Heads hit out over ‘EBacc league tables’

The BBC is reporting that ministers have been accused of shelving a new measure of school accountability before it is even introduced.

Heads fear a new, broader measure of progress, Progress 8, will be superseded by school data on English Baccalaureate entries and results.

In a consultation, the government proposes to use the percentage of pupils entered for the EBacc as a headline school league table measure.

The government said it was not intended that EBacc would replace Progress 8.

Rather it would be used alongside Progress 8 to measure school performance.

The EBacc is:

  • A set of good GCSEs (grades A8 to C) in English, maths, the sciences, a language and a humanity.
  • Schools have been told they should offer this range of subjects to as many pupils as possible
  • The aim is to ensure the vast majority of pupils can access “a broad and balanced curriculum”
  • About 39% of pupils took the EBacc last year
  • Many heads say it sidelines other solid academic subjects and could be too difficult for many pupils.

Progress 8 is:

  • A measure of school performance based on a pupil’s GCSE results in English and mathematics, their best grades in three other EBacc qualifications, and three more GCSEs or other approved qualifications
  • It measures progress from the start of secondary school to the end of GCSEs and compares it against schools of similar character
  • Scores will be demonstrated by a number between 2 and minus 2, with 0 being the average of similar schools
  • It is set to replace the percentage of pupils gaining five good GCSEs, including English and maths, as the headline measure of school accountability.

National Association of Head Teachers general secretary Russell Hobby argued Progress 8 “delivered the right balance between academic rigour and breadth”.

He added: “The subjects which count towards the EBacc are not the only ones which are rigorous or useful preparation for later life; religious studies and music are both examples of demanding and useful qualifications. Given the pressures created by the Ebacc, there will be precious little time left for subjects outside the core.

“The EBacc is also a further restriction on school autonomy and another attempt to manage the education system through exam reforms and league tables, rather than investing in the resources that truly make a difference.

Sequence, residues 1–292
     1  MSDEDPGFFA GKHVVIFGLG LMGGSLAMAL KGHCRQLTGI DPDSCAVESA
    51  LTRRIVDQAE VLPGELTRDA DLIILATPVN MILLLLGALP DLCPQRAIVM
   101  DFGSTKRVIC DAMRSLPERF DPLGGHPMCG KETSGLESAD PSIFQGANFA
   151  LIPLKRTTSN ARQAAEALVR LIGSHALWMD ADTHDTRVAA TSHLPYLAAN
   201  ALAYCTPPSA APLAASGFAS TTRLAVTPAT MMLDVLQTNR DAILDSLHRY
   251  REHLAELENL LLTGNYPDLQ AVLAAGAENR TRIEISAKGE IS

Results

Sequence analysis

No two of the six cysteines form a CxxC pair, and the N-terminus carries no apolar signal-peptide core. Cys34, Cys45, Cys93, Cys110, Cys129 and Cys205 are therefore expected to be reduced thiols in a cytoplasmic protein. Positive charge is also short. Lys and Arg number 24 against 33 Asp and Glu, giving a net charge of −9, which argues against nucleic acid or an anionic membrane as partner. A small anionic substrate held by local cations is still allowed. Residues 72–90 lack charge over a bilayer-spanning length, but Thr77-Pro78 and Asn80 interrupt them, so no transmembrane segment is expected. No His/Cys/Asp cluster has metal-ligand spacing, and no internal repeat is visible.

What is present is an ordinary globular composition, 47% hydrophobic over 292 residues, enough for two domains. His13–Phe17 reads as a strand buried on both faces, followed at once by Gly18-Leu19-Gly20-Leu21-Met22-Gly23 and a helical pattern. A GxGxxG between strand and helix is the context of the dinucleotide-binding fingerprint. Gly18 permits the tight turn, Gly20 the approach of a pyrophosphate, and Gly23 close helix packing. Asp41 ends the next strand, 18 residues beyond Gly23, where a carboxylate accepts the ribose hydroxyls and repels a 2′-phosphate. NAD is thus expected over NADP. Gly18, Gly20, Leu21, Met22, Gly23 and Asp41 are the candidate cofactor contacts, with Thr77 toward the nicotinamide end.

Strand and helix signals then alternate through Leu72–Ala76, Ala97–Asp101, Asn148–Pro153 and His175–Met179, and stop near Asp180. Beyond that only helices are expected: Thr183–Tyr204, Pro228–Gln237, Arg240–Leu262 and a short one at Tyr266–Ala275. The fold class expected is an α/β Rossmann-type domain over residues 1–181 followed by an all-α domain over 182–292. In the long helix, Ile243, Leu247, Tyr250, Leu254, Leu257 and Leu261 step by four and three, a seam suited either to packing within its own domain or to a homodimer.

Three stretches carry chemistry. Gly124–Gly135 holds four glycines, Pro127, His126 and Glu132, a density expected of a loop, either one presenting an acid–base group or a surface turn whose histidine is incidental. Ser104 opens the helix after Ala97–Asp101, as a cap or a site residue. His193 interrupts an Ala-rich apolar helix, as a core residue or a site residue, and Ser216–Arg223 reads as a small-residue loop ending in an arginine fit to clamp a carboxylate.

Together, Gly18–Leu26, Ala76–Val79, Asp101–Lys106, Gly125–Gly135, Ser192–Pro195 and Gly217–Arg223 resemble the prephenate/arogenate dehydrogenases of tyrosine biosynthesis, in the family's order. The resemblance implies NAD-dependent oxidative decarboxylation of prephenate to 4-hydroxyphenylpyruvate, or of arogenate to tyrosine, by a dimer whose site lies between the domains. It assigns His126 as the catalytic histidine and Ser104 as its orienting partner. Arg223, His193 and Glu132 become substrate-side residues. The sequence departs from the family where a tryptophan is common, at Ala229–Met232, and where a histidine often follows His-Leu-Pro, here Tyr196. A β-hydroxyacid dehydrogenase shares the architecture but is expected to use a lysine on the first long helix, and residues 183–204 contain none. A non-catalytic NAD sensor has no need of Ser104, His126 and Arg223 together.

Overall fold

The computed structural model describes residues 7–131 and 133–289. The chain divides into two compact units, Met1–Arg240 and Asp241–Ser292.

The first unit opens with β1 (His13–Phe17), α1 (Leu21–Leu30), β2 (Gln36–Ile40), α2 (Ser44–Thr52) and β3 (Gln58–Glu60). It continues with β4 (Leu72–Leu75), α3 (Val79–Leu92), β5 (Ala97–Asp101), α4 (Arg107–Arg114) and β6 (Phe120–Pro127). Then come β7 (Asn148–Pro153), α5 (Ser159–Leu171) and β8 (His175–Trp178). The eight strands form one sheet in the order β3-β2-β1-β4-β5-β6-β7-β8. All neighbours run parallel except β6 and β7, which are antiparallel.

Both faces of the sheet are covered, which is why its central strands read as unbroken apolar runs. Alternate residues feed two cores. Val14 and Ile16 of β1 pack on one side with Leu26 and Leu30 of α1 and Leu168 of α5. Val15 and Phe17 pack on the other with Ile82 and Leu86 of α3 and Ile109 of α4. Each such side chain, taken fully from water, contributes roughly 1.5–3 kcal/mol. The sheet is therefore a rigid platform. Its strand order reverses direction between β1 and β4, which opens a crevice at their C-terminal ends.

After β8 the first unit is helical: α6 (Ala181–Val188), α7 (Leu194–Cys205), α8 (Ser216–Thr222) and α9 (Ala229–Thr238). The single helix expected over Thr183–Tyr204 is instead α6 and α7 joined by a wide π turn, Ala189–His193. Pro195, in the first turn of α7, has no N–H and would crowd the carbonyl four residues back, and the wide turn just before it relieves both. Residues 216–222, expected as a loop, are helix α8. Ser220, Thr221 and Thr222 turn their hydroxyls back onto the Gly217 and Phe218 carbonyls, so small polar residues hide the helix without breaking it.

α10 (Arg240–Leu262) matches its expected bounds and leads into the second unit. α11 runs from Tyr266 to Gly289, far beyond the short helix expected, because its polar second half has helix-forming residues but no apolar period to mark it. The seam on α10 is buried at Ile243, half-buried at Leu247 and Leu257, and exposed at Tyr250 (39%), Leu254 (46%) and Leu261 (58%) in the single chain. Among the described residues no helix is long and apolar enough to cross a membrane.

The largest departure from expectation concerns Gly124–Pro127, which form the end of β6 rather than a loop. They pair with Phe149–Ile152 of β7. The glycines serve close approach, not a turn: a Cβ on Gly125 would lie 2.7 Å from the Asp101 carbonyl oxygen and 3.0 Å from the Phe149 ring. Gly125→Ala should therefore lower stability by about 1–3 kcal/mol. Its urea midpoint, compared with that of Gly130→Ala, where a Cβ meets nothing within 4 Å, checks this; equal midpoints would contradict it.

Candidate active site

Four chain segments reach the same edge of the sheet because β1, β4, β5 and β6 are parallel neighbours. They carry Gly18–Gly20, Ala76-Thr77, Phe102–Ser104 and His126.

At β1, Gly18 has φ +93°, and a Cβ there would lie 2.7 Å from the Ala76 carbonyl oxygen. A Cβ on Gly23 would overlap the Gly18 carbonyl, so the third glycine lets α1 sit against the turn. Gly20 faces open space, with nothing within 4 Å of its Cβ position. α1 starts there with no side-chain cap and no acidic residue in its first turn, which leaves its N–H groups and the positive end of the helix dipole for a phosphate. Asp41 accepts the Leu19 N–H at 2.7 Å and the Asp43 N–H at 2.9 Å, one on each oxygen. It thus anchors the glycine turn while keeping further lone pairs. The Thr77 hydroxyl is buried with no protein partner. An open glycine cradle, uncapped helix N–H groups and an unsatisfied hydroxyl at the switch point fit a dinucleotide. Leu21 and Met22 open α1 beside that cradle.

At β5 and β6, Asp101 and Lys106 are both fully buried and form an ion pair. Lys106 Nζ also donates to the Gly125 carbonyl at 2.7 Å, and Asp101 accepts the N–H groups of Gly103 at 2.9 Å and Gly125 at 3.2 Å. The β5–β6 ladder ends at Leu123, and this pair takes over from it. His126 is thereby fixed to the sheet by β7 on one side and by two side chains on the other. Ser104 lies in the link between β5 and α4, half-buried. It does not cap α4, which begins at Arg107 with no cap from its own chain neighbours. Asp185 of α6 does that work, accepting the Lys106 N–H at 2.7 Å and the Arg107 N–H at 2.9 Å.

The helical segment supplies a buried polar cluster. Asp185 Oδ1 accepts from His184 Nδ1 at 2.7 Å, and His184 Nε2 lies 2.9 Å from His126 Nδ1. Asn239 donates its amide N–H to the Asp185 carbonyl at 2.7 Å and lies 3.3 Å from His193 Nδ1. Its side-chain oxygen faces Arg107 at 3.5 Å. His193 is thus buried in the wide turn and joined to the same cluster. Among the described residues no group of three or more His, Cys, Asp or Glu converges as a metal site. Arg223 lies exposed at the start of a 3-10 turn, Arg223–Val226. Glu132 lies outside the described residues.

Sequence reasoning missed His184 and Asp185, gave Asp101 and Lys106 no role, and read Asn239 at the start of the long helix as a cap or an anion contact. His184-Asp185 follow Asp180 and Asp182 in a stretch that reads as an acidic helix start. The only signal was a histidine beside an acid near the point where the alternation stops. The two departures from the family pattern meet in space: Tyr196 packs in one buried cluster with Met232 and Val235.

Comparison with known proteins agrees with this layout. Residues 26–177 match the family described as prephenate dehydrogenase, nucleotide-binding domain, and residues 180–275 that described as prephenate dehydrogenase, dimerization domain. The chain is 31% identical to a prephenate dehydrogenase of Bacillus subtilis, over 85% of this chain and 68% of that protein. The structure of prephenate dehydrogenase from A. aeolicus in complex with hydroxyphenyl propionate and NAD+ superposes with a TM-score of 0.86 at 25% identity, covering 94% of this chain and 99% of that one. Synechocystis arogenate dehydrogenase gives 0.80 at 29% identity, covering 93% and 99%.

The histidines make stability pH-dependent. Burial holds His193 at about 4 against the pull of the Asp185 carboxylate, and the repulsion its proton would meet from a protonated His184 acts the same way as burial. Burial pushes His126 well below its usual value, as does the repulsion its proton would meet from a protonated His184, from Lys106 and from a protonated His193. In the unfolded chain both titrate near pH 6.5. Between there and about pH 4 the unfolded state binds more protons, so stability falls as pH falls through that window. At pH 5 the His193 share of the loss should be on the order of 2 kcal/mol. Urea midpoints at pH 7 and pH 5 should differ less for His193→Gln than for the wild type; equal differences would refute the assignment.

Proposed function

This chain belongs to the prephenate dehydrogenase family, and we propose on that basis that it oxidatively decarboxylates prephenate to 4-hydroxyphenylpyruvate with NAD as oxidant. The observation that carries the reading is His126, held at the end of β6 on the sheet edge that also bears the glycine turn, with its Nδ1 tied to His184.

“Progress 8 has not even been given a chance to work before more changes are proposed – creating further turmoil in secondary education.”

In its consultation, the government reiterates its long-term aim to have 90% of pupils in all schools studying the EBacc…

More at Heads hit out over English Bacc ‘league tables’


So what do you make of this? Is the government using Progress 8 as a kind of Trojan horse for assessment, ultimately, by EBacc results?

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  1. Stevius

    It is being used. The most successful schools can show good progress 8, high attainment 8 and have an Ebacc % much higher than the nation average.

    The progress 8 measure is important because schools with a progress 8 of 1 or higher will be exempt from a whole school Ofsted inspection for that year (so I am told).

  2. There’s already too much emphasis one exam results in England and this has negative consequences.  One of these is a narrowing of the curriculum.  Even academies, which are supposed to have ‘freedom’ to devise their own curriculum, can’t do so in reality.

  3. DrDD

    Whether you agree with performance tables or not they are here to stay. My concern is the validity of the starting point on which all performance is based.
    The pressure on Primary schools to be seen to be achieving when using teacher assessed data is severely flawed, particularly for students who are struggling with English and Mathematics at this stage.

  4. andylutwyche

    SchoolsImprove Progress 8 was a step towards fairness in ranking schools but the Ebacc measure will nullify all that in one political whim

  5. Paul

    I would echo the comments below but add the to the mix the farcical use of the word, “consolation” when the statement is that 90% of children will do the eBacc – this is a real case of, “you can do what you like as long as it is what we say you will do”

  6. martynrhale

    SchoolsImprove sajidjavid nadhimzahawi NickyMorgan01 KateOsamor margot_james_mp Yet still Design & Technology remains optional

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